Use Version Control for software development

Git version control

Allow me to explain shortly version control first.


Version control or revision control consists in the management of changes of a software project. Every change made to the code and uploaded to the version control system is tracked along with who made the change and comments explaining why they made the change.


There usually is a central repository where the code is stored along with all the history of those files. People connect to that repository, get the files, work on their own programming environment and then submit the changes back to the central repository. That way people always know which is the most “up to date” version, instead of having to ask everybody.


The “standard” way of working with a version control system is:

  1. Check out the project from the central repository
  2. Make Modifications to your code
  3. Submit the changes back to the central repository


You also have “branches“, which are a copy of the repository¬† in order that you can have modifications that can happen in parallel along both branches. They are very useful for new features, testing or fixes. After you verify that the branch is working correctly than you can merge the changes to the main


version control branches
version control branches


For instance, imagine you have an Instagram like website and you would like to add a new feature consisting in new types of images where the user uploads a picture and a message and it appears written over the image. You could create a branch copy of the “main” and call it “images with text”, develop the feature on that branch and then when you know it works, merge the changes with the main branch again. By acting this way, you can have different teams developing different features without bothering each other.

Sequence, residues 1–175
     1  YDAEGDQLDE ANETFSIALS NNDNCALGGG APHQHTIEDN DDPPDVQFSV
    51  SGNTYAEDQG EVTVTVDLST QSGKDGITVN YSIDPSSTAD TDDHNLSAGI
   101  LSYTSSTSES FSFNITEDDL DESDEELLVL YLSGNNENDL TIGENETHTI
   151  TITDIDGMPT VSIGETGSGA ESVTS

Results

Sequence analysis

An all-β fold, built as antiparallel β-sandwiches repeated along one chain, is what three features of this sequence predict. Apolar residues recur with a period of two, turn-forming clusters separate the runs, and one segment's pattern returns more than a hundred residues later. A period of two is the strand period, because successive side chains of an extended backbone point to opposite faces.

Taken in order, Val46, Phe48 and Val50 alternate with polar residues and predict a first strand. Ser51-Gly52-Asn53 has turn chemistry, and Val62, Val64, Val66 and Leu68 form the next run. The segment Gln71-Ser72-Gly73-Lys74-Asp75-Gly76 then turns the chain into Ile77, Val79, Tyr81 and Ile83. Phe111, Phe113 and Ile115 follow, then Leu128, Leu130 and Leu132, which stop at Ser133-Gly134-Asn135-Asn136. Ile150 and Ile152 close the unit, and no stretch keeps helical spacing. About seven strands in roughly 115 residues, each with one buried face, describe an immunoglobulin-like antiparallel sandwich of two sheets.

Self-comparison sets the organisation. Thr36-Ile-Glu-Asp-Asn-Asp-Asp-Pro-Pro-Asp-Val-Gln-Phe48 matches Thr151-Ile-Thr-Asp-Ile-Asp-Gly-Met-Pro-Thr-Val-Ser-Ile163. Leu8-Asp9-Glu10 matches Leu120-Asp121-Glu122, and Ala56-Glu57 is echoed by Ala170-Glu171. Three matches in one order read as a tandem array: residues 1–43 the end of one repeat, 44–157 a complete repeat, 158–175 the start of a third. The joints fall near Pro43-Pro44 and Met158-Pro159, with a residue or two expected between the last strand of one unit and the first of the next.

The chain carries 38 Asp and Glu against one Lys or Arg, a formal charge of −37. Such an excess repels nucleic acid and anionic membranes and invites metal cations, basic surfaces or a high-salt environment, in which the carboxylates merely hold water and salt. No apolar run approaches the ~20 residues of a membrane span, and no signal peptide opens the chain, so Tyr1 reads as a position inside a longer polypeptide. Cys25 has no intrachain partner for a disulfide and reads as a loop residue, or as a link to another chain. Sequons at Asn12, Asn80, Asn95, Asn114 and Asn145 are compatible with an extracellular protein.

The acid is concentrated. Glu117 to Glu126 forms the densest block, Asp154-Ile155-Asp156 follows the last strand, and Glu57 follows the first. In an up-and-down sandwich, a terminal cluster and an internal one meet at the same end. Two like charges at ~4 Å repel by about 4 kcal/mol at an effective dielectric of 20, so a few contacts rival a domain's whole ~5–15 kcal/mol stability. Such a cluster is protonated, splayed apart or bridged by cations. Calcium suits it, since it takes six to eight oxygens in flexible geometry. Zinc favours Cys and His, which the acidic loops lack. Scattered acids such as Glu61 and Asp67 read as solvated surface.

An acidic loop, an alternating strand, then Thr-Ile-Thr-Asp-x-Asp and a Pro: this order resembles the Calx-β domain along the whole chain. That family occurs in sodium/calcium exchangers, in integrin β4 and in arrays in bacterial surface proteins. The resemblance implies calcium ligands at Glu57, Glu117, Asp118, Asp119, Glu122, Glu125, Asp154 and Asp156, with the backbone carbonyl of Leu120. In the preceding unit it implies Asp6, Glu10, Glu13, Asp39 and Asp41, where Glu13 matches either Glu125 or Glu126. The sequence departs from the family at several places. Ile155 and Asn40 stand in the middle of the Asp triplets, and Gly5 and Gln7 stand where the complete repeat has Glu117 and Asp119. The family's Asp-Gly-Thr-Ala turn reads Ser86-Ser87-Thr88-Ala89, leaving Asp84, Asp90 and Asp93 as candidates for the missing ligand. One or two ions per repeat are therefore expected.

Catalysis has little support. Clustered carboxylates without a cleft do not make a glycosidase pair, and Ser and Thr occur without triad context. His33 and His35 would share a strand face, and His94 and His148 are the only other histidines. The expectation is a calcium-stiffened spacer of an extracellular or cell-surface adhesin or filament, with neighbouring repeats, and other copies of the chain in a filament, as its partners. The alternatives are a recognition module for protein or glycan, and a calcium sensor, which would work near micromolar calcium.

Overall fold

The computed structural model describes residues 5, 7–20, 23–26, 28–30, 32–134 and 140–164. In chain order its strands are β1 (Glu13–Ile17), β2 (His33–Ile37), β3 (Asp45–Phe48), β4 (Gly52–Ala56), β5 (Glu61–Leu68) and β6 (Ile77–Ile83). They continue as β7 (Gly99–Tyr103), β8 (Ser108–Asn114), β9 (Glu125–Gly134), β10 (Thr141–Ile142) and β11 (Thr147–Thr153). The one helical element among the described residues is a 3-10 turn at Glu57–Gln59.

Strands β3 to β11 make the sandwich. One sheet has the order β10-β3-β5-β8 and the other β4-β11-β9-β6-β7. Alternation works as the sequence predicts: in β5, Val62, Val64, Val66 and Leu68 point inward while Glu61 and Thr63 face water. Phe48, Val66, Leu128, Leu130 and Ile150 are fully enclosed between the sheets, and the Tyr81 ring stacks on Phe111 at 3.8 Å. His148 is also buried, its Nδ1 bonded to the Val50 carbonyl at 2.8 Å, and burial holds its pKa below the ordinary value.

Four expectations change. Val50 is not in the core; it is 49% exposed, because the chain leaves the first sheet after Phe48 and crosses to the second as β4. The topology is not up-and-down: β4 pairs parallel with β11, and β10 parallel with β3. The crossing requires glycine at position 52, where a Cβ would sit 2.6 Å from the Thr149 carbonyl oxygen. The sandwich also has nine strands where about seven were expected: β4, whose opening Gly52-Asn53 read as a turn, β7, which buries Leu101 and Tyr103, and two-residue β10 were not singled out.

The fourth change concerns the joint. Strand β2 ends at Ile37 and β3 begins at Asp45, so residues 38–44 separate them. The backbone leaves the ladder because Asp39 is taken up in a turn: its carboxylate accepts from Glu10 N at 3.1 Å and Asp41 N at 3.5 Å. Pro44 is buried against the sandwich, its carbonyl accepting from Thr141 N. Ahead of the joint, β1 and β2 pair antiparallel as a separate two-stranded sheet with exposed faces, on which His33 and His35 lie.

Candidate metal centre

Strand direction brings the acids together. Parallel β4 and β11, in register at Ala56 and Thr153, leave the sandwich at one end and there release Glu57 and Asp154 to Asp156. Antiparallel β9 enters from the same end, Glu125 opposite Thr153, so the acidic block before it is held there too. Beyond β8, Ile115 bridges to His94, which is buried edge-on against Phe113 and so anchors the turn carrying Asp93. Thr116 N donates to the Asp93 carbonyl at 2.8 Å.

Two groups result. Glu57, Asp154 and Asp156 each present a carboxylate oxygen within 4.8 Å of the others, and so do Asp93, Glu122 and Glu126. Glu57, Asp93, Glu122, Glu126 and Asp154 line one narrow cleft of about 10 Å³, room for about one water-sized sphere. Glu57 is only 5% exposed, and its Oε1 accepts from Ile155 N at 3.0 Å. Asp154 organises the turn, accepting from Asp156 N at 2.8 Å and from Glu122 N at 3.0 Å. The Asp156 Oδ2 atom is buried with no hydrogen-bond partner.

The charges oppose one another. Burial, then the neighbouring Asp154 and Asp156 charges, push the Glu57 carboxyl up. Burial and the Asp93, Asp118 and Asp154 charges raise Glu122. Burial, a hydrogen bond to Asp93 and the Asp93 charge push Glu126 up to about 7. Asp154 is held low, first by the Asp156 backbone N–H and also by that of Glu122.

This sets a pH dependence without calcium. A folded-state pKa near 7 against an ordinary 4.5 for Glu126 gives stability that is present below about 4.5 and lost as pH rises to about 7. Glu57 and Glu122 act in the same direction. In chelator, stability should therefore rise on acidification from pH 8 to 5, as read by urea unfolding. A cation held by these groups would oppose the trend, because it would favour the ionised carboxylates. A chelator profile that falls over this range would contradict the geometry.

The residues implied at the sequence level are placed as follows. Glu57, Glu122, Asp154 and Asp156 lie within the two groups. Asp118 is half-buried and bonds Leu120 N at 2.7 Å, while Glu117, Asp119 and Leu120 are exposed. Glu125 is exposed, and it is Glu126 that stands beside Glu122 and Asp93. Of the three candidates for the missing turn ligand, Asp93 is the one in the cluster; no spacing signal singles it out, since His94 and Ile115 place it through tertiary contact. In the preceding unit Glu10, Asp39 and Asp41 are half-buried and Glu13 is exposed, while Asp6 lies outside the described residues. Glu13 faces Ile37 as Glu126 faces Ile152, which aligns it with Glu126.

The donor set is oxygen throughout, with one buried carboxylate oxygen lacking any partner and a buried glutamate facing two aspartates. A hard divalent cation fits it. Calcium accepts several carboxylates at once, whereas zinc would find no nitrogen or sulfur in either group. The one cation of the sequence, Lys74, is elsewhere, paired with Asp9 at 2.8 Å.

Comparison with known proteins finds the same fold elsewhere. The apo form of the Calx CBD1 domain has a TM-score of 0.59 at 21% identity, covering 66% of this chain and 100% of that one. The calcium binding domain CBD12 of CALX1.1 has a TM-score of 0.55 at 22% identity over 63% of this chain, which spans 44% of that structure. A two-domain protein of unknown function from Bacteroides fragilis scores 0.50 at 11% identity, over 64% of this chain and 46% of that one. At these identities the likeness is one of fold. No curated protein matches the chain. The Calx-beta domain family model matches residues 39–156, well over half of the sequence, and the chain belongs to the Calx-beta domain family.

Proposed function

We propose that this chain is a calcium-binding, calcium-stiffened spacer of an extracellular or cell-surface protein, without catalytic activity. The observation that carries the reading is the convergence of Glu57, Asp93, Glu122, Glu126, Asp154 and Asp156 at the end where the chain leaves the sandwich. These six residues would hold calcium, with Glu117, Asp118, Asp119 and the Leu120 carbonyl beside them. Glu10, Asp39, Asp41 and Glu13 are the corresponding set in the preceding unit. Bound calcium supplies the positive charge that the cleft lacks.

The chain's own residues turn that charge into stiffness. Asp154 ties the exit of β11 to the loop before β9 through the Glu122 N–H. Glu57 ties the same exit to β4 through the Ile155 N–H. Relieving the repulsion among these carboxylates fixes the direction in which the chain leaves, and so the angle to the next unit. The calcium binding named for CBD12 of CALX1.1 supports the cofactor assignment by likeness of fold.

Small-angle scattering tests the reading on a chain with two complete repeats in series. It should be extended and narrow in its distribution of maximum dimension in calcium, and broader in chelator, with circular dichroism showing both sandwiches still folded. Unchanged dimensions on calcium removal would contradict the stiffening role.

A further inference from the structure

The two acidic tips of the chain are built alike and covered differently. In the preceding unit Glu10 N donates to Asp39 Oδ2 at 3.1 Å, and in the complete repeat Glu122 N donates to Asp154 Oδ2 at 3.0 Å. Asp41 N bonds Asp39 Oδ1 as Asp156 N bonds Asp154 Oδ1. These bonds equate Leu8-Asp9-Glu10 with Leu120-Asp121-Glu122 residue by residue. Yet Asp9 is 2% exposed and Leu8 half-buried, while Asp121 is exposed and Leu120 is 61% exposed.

Among all version control systems, I prefer Git. It allows you to have a central repository in Github or Bitbucket (in my case, I use Bitbucket) and work with a local repository on your computer. It modifies a little the workflow but it is way better to be able to work offline. With Git the workflow is something more like:


  1. Check out the project from the central repository
  2. Make Modifications to your code
  3. Submit the changes to the local repository
  4. Submit the changes back to the central repository


That way, for my personal projects, I can work on my computer and when I’m done working I just upload the changes from my local repository to my central repository, instead of doing lots of uploads. I also use Git for WordPress development and for this site development; it allows me for example to update WordPress and plugins on my test computer, see if it works and then automatically upload the changes to my wordpress server. That way I get an almost zero risk update (0% risk free is in my opinion impossible).


Of course there are loads of other reasons to use Git but I think I will leave that for another post. If you do not know Git or don’t like it (congratulations, you are one of the few people who don’t) you have alternatives like subversion or mercurial, which work really well also.


I don’t say that everybody who codes should use Git (but please, feel free to use it and try it), but I DO say that everyone who codes MUST use version control. Not using version control is one of the biggest and greatest mistakes when developing software, even if it is for a small project.

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